Lumber Prices Soaring 14% As Supply Shortage Looms Ahead of Homebuilding Season

January 21, 2023
1 min read
Jaksmata (CC BY-SA 3.0)

The lumber market could see fluctuations in 2023, as the commodity crucial for homebuilding has experienced a 14% soar in the past two weeks. After a challenging 2022, where lumber prices tumbled over 60%, the industry may see a resurgence as mortgage rates decrease and the supply situation becomes clearer. The average 30-year fixed mortgage rate has decreased from 7% in October to around 6.15% currently. Should mortgage rates continue to fall, it could boost demand for home purchases as cheaper borrowing costs make buying a house more accessible. As the homebuilding season is near by, supply shortages and soaring prices will add a few challenges.

At the same time, the outlook of homebuilders appears to be improving as sentiment has risen in January for the first time in a year. The improvement is partially attributed to lower mortgage rates and a significant increase in homebuilder stocks indicating that the housing market may not be as weak as some believe. If the demand for homebuilding increases, it could drive up demand for lumber as well. This comes at a time when supply is limited, as reported by building products wholesaler Sherwood Lumber.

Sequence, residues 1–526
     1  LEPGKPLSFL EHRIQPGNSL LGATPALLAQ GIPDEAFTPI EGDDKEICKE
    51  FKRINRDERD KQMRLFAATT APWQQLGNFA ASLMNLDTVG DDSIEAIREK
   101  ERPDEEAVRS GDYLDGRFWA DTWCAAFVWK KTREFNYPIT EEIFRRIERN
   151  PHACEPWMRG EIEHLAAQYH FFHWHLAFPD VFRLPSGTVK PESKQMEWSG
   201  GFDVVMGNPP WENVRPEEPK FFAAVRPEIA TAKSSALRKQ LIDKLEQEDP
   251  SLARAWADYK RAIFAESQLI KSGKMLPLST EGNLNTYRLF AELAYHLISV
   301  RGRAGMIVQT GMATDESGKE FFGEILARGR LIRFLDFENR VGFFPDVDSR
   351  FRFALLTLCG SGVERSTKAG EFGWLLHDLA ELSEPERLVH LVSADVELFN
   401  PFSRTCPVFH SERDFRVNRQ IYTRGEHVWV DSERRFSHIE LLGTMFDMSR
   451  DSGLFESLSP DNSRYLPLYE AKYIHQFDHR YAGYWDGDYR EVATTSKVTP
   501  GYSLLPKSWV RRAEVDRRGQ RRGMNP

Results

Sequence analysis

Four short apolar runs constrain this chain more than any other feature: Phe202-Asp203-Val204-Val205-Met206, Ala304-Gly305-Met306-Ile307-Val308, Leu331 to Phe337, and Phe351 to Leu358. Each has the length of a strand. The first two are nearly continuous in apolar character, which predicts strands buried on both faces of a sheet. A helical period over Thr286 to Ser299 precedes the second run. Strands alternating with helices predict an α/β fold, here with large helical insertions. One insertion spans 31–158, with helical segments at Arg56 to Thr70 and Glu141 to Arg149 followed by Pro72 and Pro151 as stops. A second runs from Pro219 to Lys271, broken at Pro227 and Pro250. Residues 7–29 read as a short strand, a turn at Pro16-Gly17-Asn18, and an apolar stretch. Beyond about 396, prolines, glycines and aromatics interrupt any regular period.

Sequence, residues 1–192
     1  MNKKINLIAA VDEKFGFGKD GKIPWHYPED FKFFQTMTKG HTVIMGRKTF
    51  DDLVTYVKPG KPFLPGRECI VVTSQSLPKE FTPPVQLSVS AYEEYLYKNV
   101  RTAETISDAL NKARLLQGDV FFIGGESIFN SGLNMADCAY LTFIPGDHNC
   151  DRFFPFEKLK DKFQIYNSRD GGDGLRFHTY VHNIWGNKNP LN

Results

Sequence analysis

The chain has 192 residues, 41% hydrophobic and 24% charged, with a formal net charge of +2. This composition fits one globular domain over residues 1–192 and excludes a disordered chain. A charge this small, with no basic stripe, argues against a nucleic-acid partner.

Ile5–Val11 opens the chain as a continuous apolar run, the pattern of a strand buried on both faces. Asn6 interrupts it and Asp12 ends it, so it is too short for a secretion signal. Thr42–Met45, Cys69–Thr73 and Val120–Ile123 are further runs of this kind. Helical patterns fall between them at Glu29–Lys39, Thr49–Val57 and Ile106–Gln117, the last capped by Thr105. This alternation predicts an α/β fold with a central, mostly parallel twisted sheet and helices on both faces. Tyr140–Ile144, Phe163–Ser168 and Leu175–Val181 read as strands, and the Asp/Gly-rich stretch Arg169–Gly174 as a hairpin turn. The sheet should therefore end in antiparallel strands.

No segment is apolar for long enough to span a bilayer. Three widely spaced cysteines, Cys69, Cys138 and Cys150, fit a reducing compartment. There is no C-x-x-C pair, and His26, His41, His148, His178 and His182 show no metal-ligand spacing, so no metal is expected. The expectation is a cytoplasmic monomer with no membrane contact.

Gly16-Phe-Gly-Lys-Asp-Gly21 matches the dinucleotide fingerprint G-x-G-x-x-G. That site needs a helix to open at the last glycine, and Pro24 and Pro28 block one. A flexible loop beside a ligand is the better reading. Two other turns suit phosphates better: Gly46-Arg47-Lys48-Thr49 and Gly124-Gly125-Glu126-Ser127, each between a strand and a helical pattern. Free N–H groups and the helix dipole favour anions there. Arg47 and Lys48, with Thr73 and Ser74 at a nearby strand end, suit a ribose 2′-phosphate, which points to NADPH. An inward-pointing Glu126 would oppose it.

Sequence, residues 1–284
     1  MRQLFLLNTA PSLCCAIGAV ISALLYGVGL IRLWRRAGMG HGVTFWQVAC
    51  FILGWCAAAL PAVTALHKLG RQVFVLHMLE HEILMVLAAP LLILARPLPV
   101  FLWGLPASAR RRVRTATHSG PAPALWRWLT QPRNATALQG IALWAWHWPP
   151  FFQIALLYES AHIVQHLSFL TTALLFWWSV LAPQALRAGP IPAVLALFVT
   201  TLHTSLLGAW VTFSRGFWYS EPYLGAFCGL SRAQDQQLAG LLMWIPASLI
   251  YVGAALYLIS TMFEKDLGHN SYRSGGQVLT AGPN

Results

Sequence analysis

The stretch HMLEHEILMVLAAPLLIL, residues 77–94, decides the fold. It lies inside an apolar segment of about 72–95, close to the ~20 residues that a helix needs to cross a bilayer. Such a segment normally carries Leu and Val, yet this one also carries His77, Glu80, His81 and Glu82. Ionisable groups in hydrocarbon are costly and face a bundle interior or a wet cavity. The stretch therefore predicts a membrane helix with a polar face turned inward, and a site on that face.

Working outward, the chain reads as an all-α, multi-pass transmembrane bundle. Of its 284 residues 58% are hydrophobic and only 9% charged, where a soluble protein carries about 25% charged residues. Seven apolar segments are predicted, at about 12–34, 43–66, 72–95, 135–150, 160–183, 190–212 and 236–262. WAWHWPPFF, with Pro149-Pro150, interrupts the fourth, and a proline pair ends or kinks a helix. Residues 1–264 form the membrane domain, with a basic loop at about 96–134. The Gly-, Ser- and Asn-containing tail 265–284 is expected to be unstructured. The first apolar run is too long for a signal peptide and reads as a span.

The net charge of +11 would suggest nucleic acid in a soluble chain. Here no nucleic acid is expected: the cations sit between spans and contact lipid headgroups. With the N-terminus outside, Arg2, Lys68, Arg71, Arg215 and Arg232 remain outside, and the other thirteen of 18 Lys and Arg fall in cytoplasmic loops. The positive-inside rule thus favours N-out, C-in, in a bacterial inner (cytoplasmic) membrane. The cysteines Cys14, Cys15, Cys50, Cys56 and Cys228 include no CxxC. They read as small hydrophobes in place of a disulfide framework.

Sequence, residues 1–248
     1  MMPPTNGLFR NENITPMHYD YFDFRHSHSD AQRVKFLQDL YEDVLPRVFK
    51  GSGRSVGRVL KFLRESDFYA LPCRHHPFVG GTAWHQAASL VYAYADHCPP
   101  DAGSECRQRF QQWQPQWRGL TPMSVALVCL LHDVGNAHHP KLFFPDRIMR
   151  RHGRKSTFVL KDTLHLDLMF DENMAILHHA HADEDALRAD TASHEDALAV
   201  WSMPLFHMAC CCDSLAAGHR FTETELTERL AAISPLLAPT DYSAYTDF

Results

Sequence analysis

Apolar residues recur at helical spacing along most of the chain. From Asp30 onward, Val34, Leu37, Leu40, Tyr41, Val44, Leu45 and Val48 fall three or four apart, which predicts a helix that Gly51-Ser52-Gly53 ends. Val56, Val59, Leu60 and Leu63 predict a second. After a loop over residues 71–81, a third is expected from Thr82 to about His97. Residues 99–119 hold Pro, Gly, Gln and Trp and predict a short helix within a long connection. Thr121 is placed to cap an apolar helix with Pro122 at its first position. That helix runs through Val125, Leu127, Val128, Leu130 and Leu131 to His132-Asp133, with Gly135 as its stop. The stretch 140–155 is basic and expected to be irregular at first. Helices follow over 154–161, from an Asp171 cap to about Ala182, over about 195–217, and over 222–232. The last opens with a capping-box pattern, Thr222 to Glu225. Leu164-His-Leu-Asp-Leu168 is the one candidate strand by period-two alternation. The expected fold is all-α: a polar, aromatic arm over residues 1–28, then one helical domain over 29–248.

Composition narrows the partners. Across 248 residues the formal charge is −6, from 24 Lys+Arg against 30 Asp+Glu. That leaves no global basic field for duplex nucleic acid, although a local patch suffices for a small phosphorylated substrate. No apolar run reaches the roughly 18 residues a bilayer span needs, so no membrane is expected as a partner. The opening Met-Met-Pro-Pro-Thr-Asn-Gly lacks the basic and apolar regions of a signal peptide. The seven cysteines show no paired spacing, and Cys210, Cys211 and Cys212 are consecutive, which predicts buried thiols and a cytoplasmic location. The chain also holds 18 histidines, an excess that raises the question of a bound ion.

During the sharp decline of lumber prices last year, North American suppliers adapted their production to align with the new market demand, resulting in less lumber inventory and restricted growth in future production, as sawmills adapted to the new reality of low prices, as per the statement of Sherwood Lumber’s COO, Kyle Little. However, this shortage in lumber supply may coincide with the peak period of homebuilding in the upcoming spring and early summer.

With inventories now at a low level, production halted, and offshore producers finding better liquidity in Europe and Asia, the industry could find itself in a market of undersupply during the peak period of building season according to an explanation by Little.

According to Little, COO of Sherwood Lumber, the futures contracts for lumber for March and May have seen an approximate increase of 20% from the recent lows, which is more than the gains seen in the Random Length lumber futures, and this may potentially be an indication of what is ahead for the commodity.

An increase in lumber prices would be beneficial for producers, but not for consumers who are still dealing with high inflation. High lumber prices contributed to a rise in home prices in 2021, as futures reached more than $1,700 per thousand board feet. Currently, those same futures cost around $430.

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